I grew up in a small town that was very white, Christian, and straight so unsurprisingly in my teenage years there were not many opportunities for a bisexual to share affection, kiss, or have sex with anyone apart from cisgendered boys. Though once when I was 14 I snogged a girl in the year below me at school whilst at a local band night.
And then that was it until I moved hundreds of miles away from home to go to university four years later.
From then on I found it really hard to let other women know I was interested in them and explore things beyond kissing for several reasons. Low self-esteem, being covered in eczema, past abuse, but also because…then what!? We only received very basic sex ed in school which didn’t mention anything apart from heterosexual penis-in-vagina sex so I had absolutely no idea what to do next. (Or even for that matter, enough knowledge of sex, pleasure, and anatomy to be able to tell others what would make sex enjoyable for me.)
The aforementioned things are all difficult obstacles to overcome. Plus bis are so hypersexualised that potential partners often assume you’ve had a lot of sex already. In fact, many women who are curious and are looking to experiment have said that they’d like to have sex with me because I’m experienced and can show them what to do! (I’m flattered my personality and love of Doctor Who counts for so much.) So yikes, no pressure then.
When faced with that situation I would retreat into my shell like a turtle. I still do! Though when I have the spoons I also challenge their biphobic assumptions and explain that being bi does not automatically make you anyone’s sex teacher. I’m not an object for your ‘practice run’ either (so you can presumably experience the ‘real thing’ with a monosexual later).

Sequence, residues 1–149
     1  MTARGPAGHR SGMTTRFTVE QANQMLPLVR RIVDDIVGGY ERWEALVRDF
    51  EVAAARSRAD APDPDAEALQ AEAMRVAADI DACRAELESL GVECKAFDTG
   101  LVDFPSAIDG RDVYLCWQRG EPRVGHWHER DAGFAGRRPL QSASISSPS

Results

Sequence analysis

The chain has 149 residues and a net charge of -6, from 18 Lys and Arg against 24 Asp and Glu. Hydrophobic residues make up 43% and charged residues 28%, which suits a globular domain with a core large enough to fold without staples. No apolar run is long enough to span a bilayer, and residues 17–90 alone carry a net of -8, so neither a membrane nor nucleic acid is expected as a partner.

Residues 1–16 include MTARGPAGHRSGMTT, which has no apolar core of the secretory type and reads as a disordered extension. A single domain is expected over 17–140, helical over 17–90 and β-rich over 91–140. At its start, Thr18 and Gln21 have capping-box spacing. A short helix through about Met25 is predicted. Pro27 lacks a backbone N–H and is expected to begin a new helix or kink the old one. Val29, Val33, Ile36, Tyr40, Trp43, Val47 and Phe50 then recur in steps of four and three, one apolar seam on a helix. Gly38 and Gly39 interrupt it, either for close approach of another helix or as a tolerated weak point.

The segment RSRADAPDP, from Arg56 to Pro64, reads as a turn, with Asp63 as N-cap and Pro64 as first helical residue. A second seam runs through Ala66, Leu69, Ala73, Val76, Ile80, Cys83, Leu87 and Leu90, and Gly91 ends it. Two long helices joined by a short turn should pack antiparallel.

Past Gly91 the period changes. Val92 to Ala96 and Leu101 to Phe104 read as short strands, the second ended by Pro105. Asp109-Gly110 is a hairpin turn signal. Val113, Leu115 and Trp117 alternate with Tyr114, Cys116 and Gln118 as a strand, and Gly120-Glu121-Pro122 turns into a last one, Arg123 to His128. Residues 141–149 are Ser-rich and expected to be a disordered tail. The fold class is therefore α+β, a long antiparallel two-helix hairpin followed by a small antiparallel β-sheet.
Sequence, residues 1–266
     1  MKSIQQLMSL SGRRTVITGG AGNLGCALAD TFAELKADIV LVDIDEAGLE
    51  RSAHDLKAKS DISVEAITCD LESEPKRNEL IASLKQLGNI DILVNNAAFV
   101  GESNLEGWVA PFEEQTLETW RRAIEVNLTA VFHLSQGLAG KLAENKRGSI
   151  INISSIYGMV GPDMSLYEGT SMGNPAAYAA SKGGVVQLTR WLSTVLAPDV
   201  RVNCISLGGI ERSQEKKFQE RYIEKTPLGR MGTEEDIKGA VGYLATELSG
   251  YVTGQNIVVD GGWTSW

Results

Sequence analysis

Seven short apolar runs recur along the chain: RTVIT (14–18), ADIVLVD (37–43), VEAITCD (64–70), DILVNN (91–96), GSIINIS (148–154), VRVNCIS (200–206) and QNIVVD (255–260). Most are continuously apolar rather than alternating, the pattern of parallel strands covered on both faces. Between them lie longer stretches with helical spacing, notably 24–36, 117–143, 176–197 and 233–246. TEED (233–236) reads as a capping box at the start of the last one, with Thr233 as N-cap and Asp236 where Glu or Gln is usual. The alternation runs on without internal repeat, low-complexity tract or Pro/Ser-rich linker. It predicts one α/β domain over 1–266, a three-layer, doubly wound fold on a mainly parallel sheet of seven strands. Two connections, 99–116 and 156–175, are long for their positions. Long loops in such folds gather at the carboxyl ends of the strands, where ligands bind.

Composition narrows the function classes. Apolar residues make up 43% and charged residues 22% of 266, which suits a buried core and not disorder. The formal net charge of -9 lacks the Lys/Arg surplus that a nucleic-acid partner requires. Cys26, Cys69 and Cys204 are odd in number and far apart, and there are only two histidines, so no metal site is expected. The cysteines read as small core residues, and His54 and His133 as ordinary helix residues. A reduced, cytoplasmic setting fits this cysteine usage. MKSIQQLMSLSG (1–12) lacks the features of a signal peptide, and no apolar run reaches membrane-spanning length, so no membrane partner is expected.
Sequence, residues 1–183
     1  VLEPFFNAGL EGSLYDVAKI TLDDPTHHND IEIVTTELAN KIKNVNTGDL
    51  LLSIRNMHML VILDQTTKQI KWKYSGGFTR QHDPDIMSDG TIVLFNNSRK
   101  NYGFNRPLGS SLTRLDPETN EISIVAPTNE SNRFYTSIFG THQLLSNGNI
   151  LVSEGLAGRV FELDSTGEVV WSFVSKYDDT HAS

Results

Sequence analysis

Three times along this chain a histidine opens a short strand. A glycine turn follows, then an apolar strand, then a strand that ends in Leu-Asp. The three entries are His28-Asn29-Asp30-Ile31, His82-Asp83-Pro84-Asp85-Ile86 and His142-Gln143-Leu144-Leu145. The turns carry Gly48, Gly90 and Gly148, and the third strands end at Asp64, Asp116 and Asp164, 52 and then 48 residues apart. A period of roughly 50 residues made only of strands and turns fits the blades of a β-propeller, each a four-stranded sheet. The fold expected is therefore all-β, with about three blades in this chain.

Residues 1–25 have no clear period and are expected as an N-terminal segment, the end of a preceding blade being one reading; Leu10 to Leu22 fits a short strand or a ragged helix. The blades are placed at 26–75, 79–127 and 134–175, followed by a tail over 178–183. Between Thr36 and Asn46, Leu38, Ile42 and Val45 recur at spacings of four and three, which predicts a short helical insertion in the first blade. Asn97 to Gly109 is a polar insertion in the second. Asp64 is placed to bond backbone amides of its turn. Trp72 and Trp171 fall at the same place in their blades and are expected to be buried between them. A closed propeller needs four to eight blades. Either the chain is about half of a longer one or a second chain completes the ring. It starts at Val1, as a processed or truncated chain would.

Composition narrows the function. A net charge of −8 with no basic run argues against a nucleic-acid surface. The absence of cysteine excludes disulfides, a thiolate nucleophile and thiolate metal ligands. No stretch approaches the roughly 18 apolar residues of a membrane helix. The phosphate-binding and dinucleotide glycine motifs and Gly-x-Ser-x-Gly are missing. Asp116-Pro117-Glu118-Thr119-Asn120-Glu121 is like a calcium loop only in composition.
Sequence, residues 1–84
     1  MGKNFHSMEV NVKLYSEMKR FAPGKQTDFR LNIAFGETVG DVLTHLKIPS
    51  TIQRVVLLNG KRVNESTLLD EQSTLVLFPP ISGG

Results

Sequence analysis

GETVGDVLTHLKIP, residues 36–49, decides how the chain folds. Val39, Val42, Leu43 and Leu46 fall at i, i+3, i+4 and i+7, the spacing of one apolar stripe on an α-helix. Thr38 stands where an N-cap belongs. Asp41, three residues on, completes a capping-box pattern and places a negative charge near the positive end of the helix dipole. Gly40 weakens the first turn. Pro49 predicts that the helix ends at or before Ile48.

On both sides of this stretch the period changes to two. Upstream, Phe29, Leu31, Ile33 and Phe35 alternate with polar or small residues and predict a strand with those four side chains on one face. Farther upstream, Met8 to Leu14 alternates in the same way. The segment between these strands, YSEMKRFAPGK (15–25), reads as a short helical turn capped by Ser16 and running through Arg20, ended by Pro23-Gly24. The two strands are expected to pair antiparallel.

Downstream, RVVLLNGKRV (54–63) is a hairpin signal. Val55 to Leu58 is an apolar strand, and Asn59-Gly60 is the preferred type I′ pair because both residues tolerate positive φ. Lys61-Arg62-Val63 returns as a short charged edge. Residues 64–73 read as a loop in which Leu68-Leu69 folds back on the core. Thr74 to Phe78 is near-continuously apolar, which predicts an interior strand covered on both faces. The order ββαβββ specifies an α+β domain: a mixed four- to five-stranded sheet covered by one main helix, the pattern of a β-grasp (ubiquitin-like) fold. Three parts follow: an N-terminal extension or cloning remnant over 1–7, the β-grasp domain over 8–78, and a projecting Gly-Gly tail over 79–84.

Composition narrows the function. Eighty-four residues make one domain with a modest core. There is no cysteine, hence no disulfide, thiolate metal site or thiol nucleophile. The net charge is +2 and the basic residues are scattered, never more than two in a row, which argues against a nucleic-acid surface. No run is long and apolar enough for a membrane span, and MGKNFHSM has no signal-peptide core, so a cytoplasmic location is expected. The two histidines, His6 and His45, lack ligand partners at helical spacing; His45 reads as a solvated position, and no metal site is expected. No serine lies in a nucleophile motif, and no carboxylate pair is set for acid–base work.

It wasn’t until 23/24 onwards that I started to have sex with people who weren’t cis men. I know there must be many others out there who have or are experiencing something similar. For those who realise they have, or develop, an attraction to the same-sex later in life you may well be in your 30s, 40s, or 50s, and have ‘only’ had sex with cis men. I imagine older bis might feel the pressure of people thinking they should know what they are doing by that age.
(See also, ‘You can’t be bi, if you were you would have known about it by now/tried it when you were younger!)
It doesn’t matter how much or how little sex any of us have had in our lives but we are all socialised to feel like it does and society judges us by it.
Some people seem to think bisexuality can only be granted as a label when you’re able to rattle off a long list of sexual experiences but people aren’t conquests, achievements, or objects that give you a certain status.
So what does all this mean?
It means that, if you experience either a sexual and/or romantic attraction to more than one gender you are bisexual/pansexual/biromantic/demisexual regardless of any sexual experience you may or may not have had. Congratulations! It’s impossible to be ‘not bi enough’.
It means that, if someone thinks they have the right to challenge what label you use to identify yourself as because of knowledge they hold about your sexual history (e.g. ‘you can’t call yourself bi, you’ve only had sex with men’), you can tell them to fuck off!
It also means that, if people don’t believe you and question you about your sexuality (e.g ‘But HOW can you be suuurre you’re X if you’ve only done Y, hmmmmm?’), then you can also tell them to fuck off!
Or you can be more polite about it but you get the idea. You don’t have to justify or explain your sexuality to anyone else.
For a lot of people who really want to have to have (more) sex with women but a lack of knowledge feels like a huge barrier I recommend reading Girl Sex 101 by Allison Moon. It’s a really informative book full of hints, how-to guides, and diagrams. Its content covers communication, pleasure, and consent, and the book is trans inclusive.